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Federal court upholds Arizona voter ID requirement

[JURIST] The US District Court for the District of Arizona [official website] has rejected a bid by Latino and voter-advocacy groups to temporarily halt a requirement that voters show government-issued identification to prove that they are US citizens when they register to vote. The measure, which was approved in 2004 [JURIST report] in an effort to stop voter fraud, is part of Arizona's Proposition 200 [PDF text], which also denies some state public benefits to illegal immigrants and makes it a crime for public employees to fail to report undocumented immigrants who seek benefits outlined in the legislation. Judge Roslyn Silver sided with the government, writing that "determining whether an individual is a United States citizen is of paramount importance when determining his or her eligibility to vote." Several advocacy groups, including the Southwest Voter Registration Education Project and Valle Del Sol [advocacy websites], had argued [press release] that requiring identification effectively creates a poll tax on Arizona residents that cannot afford proper identification.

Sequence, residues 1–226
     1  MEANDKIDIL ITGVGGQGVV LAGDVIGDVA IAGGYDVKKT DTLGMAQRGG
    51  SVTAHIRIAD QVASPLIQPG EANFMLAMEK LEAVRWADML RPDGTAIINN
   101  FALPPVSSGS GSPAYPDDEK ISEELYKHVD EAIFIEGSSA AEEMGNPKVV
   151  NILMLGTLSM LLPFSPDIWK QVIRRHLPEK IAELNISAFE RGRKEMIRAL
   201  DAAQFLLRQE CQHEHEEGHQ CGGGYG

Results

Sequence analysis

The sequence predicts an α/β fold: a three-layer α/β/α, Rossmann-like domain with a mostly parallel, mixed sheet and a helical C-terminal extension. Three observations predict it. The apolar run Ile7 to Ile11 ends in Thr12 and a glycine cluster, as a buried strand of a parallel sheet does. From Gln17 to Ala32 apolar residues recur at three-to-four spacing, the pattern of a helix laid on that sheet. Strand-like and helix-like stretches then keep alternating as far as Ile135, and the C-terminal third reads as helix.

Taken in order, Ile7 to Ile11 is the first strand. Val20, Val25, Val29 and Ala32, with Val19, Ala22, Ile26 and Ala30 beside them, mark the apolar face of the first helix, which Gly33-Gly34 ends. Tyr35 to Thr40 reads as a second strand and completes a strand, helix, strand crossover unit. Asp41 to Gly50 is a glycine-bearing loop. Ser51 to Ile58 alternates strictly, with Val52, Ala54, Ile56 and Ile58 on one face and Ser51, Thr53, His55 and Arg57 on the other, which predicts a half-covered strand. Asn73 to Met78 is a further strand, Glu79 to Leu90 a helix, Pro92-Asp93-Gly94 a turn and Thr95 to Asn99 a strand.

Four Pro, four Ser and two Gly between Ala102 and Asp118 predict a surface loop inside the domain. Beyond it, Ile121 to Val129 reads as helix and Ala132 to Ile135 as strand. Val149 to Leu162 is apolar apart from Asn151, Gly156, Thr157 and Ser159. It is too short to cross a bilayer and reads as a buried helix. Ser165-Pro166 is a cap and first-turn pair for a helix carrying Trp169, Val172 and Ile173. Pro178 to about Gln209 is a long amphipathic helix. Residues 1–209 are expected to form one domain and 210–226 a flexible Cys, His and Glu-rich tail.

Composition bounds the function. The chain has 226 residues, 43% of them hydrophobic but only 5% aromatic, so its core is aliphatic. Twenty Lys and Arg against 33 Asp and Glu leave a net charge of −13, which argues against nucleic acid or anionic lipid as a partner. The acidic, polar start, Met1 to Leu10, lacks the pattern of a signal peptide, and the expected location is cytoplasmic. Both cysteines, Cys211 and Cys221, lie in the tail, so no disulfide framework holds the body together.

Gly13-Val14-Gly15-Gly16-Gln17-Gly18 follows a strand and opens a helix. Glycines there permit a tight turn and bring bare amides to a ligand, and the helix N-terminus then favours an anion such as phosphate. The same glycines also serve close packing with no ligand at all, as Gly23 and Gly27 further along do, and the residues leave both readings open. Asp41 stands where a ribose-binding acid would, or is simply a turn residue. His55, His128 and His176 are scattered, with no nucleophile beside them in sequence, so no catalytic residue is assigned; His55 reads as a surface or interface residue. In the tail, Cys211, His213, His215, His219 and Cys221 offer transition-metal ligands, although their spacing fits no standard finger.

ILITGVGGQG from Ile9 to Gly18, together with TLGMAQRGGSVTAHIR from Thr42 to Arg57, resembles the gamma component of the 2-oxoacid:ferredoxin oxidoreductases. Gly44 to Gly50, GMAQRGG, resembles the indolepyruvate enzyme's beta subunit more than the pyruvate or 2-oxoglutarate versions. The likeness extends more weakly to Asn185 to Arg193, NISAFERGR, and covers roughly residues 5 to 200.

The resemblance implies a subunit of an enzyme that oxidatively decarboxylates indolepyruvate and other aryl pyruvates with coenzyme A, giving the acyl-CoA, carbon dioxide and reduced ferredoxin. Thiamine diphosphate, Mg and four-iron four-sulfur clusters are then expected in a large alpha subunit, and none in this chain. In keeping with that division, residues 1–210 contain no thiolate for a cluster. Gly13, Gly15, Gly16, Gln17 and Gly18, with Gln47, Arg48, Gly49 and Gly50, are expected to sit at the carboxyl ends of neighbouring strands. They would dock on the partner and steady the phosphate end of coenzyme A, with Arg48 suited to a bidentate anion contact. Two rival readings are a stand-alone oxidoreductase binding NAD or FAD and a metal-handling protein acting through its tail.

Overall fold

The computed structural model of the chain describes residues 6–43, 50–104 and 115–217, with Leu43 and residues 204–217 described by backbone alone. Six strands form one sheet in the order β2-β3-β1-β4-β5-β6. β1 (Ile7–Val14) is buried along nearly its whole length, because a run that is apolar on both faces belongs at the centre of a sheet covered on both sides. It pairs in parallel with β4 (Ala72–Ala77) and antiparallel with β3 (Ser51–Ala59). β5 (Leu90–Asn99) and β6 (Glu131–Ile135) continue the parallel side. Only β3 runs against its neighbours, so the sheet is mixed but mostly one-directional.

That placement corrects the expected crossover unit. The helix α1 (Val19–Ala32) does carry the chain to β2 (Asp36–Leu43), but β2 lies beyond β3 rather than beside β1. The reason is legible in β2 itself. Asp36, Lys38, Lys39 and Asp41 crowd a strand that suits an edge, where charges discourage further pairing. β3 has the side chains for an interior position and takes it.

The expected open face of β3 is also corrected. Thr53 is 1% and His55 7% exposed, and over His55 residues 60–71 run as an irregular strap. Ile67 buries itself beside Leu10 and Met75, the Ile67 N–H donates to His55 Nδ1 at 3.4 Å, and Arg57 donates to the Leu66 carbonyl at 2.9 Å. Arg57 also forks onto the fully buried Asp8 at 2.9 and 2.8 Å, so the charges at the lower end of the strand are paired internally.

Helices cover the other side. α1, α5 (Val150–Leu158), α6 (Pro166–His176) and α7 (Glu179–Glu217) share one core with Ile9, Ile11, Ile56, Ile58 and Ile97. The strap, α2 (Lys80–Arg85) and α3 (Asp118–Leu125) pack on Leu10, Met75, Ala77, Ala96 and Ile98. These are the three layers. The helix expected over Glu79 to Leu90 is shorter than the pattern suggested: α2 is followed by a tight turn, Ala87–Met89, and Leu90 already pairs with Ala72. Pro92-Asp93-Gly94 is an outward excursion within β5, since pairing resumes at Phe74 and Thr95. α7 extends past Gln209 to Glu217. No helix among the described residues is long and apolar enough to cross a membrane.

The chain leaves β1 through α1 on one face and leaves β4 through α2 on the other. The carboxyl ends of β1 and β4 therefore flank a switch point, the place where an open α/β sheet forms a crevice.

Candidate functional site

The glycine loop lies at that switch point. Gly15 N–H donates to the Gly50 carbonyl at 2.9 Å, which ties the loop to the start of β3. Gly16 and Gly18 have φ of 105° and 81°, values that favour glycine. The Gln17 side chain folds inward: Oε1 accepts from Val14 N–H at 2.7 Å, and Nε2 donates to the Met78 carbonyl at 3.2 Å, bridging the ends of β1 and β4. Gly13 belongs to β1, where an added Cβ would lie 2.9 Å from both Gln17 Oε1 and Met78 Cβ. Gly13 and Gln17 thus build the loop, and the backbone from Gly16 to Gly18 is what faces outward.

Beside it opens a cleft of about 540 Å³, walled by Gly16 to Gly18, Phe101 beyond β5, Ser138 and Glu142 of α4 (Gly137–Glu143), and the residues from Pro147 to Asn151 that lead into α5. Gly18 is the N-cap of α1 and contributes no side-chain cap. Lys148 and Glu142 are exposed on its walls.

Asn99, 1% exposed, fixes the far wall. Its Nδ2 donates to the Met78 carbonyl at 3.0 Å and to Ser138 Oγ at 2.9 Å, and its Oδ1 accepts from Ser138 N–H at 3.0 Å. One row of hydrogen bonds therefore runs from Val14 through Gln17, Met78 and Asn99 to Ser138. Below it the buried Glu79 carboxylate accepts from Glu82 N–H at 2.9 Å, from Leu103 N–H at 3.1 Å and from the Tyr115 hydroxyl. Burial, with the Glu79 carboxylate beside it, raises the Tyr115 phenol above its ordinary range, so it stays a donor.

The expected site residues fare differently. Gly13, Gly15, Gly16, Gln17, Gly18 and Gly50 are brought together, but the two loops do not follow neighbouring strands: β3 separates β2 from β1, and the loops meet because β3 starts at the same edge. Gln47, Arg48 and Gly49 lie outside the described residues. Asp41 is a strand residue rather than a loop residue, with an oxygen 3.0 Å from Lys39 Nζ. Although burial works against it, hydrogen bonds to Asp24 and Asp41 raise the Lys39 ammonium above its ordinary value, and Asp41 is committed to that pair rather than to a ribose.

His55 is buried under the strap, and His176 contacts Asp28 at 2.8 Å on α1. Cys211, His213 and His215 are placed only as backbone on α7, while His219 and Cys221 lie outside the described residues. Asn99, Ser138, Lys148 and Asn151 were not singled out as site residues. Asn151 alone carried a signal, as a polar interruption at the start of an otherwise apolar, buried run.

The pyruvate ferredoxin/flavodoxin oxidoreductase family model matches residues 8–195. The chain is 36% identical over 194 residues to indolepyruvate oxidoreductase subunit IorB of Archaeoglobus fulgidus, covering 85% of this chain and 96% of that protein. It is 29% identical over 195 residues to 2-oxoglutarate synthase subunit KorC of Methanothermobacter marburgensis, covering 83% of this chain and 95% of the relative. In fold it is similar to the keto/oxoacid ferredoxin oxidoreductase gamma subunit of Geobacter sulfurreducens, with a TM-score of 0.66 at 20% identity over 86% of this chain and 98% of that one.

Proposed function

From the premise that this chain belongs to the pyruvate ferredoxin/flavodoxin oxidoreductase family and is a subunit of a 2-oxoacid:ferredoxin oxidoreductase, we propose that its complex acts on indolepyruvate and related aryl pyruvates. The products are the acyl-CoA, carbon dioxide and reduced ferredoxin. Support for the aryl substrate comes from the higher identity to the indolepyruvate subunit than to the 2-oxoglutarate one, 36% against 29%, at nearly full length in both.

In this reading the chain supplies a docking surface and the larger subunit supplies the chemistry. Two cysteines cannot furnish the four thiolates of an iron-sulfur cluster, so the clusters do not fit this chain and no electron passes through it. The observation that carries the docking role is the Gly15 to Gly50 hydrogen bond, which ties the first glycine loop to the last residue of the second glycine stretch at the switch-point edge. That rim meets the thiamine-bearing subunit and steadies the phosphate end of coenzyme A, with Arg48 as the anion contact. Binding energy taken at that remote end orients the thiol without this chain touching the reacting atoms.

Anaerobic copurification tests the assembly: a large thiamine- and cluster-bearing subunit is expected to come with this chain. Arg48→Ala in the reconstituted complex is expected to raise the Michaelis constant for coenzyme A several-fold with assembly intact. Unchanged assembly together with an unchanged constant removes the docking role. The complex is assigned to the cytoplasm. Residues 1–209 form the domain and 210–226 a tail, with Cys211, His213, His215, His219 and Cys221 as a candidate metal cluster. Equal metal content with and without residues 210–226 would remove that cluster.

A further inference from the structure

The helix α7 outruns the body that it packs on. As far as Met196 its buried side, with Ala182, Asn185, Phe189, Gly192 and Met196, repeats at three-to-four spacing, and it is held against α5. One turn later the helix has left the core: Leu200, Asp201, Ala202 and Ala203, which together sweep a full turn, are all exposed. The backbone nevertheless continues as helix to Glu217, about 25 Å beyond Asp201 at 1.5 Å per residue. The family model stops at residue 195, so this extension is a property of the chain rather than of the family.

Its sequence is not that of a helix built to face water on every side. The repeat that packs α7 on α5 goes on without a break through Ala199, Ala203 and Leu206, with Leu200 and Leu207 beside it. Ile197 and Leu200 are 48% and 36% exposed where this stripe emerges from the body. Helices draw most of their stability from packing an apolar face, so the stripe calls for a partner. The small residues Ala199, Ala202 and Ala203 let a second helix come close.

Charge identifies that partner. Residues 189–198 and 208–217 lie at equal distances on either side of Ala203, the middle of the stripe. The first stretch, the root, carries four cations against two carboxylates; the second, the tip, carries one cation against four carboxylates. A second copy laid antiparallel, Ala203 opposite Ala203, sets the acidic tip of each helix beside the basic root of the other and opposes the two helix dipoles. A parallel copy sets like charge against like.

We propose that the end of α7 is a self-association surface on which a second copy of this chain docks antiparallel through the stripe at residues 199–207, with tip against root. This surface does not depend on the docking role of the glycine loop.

The US Court of Appeals for the Ninth Circuit last year refused to block the implementation [JURIST report] of Proposition 200 in a separate lawsuit. Tuesday's Arizona Republic has more.

Previously in JURIST's Paper Chase...

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